Now that we are well underway in the 2012 election, we will experience a barrage of political rancor that has become all too ubiquitous in our civil discourse. In an election, as in any political process, words matter.
Where would we be without the power of words? Ours is a society built upon discourse and speech, as both our founders and our own forebears in the faith have exemplified. We have felt the power in a:
“We the people…”
“Four score and seven years…”
“I have a dream…”
“Ask not what your country can do for you…”
“Boogida, boogida, boogida. Amen.” (Well, some words are more powerful than others.)
The Bible attests that God uses words as a medium of revelation. In Genesis, God spoke all creation into being. The prophets of old received God’s words in order to declare what God was up to next. Jesus is the Word of God incarnate.
Perhaps God said it best in Jeremiah: “I will give you my words…to build and to plant.” Whether it be political, religious, or social, words provide a sacred space that either marginalizes and oppresses or liberates and redeems. Words do indeed matter.
I often tell my congregation that if anyone wants to run for president, they better watch out and read all of my sermons before they run: Guilt by association is common, and my words may end up getting them into hot water.
It’s a jovial reminder that all of us, not just politicians, are responsible for our speech. In Ephesians 4:29, Paul instructs readers to, “Let no evil talk come out of your mouths, but only what is useful for building up, as there is need, so that your words may give grace to those who hear” (NRSV).
There does not seem to be any other option for those who believe in Christ: We are to be mindful of how we speak with others, to others, and about others. Our words contribute to God’s community, and God calls us to nurture grace with our speech.
Are you a vessel for God’s grace? Can people tell that you are redeemed in Christ by the sanctity of your words?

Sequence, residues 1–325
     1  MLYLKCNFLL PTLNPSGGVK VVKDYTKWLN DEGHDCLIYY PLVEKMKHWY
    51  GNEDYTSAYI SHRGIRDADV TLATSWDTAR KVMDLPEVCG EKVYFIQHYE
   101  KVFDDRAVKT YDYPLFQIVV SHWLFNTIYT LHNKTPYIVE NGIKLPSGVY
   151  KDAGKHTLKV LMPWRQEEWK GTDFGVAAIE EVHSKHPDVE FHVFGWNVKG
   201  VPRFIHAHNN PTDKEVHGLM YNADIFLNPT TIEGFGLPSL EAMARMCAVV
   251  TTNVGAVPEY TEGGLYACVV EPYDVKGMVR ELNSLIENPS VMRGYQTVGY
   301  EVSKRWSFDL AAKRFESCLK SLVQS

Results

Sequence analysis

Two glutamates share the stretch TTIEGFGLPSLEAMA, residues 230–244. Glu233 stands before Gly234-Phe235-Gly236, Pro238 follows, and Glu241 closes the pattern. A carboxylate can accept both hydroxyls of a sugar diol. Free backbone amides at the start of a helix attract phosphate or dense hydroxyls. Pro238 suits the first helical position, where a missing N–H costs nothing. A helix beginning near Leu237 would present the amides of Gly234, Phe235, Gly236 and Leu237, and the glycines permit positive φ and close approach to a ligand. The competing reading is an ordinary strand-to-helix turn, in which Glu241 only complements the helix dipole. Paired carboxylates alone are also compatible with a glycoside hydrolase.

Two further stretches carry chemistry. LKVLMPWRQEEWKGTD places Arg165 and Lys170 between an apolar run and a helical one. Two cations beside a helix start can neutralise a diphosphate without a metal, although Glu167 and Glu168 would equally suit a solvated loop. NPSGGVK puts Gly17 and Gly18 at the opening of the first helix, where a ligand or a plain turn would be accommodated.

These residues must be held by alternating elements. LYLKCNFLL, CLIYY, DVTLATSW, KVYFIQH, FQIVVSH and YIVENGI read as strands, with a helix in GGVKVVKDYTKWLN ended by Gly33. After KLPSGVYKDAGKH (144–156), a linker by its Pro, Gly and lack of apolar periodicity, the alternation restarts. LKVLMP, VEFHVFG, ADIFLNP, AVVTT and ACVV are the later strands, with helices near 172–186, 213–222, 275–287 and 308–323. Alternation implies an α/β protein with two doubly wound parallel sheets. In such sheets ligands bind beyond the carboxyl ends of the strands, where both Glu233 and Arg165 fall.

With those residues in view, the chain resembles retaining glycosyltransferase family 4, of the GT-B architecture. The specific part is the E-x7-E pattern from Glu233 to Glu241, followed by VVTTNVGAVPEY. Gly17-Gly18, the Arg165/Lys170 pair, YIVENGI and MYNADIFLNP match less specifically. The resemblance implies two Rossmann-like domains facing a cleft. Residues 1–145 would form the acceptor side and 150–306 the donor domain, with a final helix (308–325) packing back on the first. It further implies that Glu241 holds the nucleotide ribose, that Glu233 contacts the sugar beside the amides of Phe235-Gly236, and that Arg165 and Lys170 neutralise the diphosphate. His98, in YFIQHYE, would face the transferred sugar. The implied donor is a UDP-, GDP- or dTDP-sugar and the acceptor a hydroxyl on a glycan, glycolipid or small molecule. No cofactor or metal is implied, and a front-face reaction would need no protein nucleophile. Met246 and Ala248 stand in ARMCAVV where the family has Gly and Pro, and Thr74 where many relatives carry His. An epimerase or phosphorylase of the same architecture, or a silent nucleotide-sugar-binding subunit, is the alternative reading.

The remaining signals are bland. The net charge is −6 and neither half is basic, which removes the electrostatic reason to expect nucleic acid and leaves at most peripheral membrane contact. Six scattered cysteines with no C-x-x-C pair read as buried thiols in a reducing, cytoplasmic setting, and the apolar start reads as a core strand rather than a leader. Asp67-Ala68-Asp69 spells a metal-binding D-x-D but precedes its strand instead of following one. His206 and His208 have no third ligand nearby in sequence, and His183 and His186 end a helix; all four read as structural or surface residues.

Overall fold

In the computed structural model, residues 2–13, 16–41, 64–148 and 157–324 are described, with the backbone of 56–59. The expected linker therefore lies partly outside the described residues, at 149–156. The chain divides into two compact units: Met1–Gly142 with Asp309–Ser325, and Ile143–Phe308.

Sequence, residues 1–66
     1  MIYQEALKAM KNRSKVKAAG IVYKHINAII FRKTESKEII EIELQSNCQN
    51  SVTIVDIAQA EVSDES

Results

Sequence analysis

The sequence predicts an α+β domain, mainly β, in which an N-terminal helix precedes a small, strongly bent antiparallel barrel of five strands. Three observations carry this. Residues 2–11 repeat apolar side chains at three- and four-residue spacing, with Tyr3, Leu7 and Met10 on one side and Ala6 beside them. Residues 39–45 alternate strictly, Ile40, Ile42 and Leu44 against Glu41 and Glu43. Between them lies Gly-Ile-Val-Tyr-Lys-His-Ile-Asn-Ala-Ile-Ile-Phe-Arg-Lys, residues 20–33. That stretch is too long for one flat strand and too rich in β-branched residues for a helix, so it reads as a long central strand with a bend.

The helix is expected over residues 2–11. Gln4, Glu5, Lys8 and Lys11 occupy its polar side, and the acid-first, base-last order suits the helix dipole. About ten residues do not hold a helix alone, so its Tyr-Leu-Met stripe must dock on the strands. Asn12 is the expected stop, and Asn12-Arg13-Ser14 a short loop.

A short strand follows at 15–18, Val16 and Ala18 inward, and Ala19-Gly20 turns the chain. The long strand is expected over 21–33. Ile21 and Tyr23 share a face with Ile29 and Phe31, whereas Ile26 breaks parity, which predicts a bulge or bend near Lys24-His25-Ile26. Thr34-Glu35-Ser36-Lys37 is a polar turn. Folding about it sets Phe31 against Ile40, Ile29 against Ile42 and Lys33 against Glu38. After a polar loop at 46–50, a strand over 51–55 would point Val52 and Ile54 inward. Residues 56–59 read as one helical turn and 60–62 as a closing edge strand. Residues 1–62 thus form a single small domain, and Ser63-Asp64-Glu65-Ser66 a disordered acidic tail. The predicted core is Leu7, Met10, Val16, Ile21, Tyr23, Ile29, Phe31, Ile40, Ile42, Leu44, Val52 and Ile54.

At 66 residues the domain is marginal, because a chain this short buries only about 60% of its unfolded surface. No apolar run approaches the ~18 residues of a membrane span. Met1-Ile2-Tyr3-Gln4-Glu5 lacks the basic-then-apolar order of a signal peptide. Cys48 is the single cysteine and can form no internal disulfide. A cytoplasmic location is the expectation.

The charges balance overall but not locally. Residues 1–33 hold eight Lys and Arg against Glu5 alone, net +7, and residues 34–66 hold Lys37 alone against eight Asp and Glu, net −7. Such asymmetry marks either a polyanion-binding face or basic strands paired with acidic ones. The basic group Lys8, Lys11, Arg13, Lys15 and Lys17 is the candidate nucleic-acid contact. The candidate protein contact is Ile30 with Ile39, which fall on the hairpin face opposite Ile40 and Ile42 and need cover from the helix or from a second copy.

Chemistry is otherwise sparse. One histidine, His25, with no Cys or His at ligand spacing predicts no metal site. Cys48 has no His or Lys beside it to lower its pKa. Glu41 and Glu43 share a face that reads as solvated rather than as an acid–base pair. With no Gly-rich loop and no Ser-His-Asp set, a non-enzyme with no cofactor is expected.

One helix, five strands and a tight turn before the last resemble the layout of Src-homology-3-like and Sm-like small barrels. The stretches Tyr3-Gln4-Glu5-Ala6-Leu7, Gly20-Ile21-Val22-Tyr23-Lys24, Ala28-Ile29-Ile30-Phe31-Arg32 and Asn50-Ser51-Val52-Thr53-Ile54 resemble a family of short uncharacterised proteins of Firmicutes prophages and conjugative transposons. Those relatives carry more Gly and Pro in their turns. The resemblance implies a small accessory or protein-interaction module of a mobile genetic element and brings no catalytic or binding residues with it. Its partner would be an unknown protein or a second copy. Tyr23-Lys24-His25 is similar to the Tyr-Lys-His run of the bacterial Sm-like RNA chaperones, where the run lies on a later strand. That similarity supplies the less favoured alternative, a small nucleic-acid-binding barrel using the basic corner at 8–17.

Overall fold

Let us not confuse this command with political correctness, although speaking with a sense of community awareness will benefit all of us.
Just several weeks ago, Representative Doug Lamborn of Colorado used a reference from Br’er Rabbit, “tar baby,” when referring to political entanglements with President Obama.
Unknown to Lamborn, the reference is actually a racial slur. Lamborn was quick to apologize to the President for his faux pas. The media, however, did not let him off so easily, and Lamborn’s words tore down his own credibility.
There are many individuals who would like to discount political correctness altogether. Although part of me feels this might be useful–(it would help us to see people for who they really are, prejudices and all)–we can’t forget that words do build up or tear down.
And that is just the public side of our conversation. Why is it that we seem to reserve our harshest words for our families and friends? Married couples allow their conversations to spiral into destructive, unhealthy sarcasm. We allow simple misunderstandings to escalate into family feuds. Parents take their stress out on their children by yelling and spouting threats.
The measure of our integrity will be tested in how we speak to our families first, and then to others (and about others) in the public sphere.
As we head into the next election cycle, let us all pray for civility so that our speech may reflect godly integrity.